By Robin Gomes
Caritas Pakistan has alerted its diocesan units bordering neighbouring Afghanistan to reach out to refugees fleeing their homes the Taliban. Thousands of Afghans have entered Pakistan via the Chaman border crossing, one of the most active trade and travel routes between the countries, according to media reports.
However, Interior Minister Sheikh Rashid on Aug. 18 claimed that there were no refugees entering the country, nor has Pakistan made preparation for Afghans seeking refuge. According to BBC News, while the Taliban are not letting anyone out, except traders or those with valid travel documents, Pakistan, which is already burdened with some 1.4 million Afghan refugees, has been fencing itself off from Afghanistan, making it impossible for more refugees to enter without government consent.
Caritas gearing up for emergency
Amjad Gulzar, executive director of Caritas Pakistan, said more than 200 families have already arrived in urban areas of Quetta in Balochistan province.
“Caritas Pakistan Quetta and Caritas Pakistan Islamabad-Rawalpindi have positioned themselves so that we can respond to the emerging humanitarian crisis,” he told UCA News. He said that Pashto-speaking staff may be engaged in both field offices. Caritas says refugee crises are often protracted and require strategies that reflect both short-term needs such as water, food, first aid and immunization, and mid-to-long term challenges such as mental health, trauma, chronic diseases and education. Gulzar said Caritas staff have been “alerted to avoid any controversial social media posts about the Taliban”. Caritas Pakistan has had a meeting with the Afghan Refugees Commissioner Office in Peshawar, the capital of Khyber Pakhtunkhwa province, to pledge its cooperation.
Pakistan is not a party to the 1951 Geneva Convention Relating to the Status of Refugees, nor the 1967 Protocol. However, Caritas Pakistan worked with Afghan refugees in the 70s, 90s and in 2001 following the US invasion.
According to the United Nations High Commissioner for Refugees (UNHCR), officially 1.4 million Afghan refugees still live in Pakistan, with over 300,000 in the southern seaport of Karachi. Khyber Pakhtunkhwa province in the north has 43 refugee camps for Afghans.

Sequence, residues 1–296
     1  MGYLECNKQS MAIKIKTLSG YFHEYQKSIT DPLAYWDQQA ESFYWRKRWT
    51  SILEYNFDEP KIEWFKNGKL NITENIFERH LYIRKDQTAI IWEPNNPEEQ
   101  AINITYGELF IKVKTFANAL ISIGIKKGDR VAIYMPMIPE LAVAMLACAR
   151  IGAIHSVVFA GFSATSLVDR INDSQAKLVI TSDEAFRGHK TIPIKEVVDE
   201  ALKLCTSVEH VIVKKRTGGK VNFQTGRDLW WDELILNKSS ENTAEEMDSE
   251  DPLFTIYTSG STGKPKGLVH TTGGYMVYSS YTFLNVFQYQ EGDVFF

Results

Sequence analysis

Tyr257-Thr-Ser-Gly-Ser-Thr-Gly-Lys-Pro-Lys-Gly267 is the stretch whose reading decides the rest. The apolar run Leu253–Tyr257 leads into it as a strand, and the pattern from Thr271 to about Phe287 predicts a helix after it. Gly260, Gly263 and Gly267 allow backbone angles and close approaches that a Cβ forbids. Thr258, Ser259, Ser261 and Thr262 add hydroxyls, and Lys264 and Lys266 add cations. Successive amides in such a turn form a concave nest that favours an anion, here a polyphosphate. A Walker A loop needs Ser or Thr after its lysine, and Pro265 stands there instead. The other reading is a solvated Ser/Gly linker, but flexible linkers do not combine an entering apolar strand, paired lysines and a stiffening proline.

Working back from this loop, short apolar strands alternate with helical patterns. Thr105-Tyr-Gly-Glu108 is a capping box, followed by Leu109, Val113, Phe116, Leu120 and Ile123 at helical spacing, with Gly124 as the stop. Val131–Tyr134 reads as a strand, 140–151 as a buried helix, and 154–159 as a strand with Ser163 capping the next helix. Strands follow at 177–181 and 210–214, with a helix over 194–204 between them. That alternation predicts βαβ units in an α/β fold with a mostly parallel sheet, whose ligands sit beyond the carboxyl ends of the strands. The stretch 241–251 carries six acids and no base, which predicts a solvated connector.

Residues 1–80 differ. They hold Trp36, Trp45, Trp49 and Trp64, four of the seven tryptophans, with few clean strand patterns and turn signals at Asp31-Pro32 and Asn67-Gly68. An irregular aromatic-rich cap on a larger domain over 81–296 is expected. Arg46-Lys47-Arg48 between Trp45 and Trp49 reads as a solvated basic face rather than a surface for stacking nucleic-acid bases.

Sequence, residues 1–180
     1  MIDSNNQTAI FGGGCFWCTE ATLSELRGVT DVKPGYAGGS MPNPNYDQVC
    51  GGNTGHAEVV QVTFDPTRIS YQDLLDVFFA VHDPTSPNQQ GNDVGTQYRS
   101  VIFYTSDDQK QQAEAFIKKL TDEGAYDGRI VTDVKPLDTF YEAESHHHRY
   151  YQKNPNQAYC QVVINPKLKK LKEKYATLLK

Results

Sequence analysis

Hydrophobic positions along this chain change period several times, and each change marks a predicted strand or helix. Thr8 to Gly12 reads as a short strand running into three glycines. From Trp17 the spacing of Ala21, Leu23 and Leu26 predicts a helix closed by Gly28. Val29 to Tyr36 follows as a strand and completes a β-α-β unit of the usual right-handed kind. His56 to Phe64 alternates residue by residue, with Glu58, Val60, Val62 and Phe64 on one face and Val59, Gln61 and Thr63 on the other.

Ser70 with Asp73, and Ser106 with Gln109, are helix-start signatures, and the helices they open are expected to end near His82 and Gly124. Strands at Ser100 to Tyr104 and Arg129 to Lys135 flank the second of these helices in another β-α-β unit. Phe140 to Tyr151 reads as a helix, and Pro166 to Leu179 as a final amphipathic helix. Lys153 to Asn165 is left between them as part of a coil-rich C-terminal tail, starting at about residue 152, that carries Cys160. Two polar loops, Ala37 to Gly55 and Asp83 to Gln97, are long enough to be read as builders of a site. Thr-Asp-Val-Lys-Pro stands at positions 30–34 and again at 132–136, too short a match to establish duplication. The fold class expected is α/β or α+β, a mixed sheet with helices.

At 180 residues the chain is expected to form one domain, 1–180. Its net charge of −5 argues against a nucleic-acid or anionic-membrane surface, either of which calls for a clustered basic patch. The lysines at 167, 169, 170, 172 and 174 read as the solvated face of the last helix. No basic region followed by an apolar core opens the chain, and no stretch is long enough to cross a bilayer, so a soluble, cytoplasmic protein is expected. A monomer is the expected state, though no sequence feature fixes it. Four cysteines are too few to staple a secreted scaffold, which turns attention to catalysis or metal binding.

With an estimated total of 2.6 million refugees, Afghanistan ranks third among the world’s source countries, after Syria and Venezuela. With the current crisis, that number is likely to increase.
UN committed to Afghans
UN Secretary-General António Guterres has called for international unity on Afghanistan, insisting that human rights are upheld, humanitarian aid continues, and that the country does not again become a hotbed of terrorism. Addressing an emergency session of the Security Council on August 16, the day after the Afghan capital fell to the Taliban, he said the international community was following the developments in Afghanistan “with a heavy heart and deep disquiet about what lies ahead.”
He noted, “Conflict has forced hundreds of thousands from their homes.” “The capital city has seen a huge influx of internally displaced persons from provinces around the country where they felt insecure or fled during the fighting.” The humanitarian crisis, he said, affects 18 million people, fully half of the country’s population. He urged that basic services continue to be provided.
The UN chief reminded all parties of their obligation to protect civilians and to allow humanitarian workers unimpeded access to deliver timely and life-saving services and aid. He also urged “all countries to be willing to receive Afghan refugees and refrain from any deportations”.
Guterres said the UN will stay and deliver in support of the Afghan people in their hour of need. “The world is watching. We cannot and must not abandon the people of Afghanistan,” he added.
The bishops of the US have said that Catholic organizations and partners have been assisting the US government in welcoming Afghan refugees and their families, and pledged to work to ensure that those in danger are brought to safety. The German bishops’ conference also called on western countries to help evacuate Afghans who are most at risk for having worked with foreign agencies and armed forces. The bishops urged help for countries in the region to accept and care for refugees from Afghanistan. They also called on the European Union to be prepared to welcome refugees who arrive in Europe. Similar appeals on behalf of Afghan refugees also came from Irish and Australian bishops. (Source: UCA News, UN)